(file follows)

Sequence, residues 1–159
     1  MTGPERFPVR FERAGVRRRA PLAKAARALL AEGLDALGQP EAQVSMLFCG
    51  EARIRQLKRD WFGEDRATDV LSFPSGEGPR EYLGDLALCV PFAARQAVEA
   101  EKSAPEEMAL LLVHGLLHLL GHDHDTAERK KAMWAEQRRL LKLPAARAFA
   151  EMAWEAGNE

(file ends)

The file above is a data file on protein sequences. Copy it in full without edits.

Sequence, residues 1–159
     1  MTGPERFPVR FERAGVRRRA PLAKAARALL AEGLDALGQP EAQVSMLFCG
    51  EARIRQLKRD WFGEDRATDV LSFPSGEGPR EYLGDLALCV PFAARQAVEA
   101  EKSAPEEMAL LLVHGLLHLL GHDHDTAERK KAMWAEQRRL LKLPAARAFA
   151  EMAWEAGNE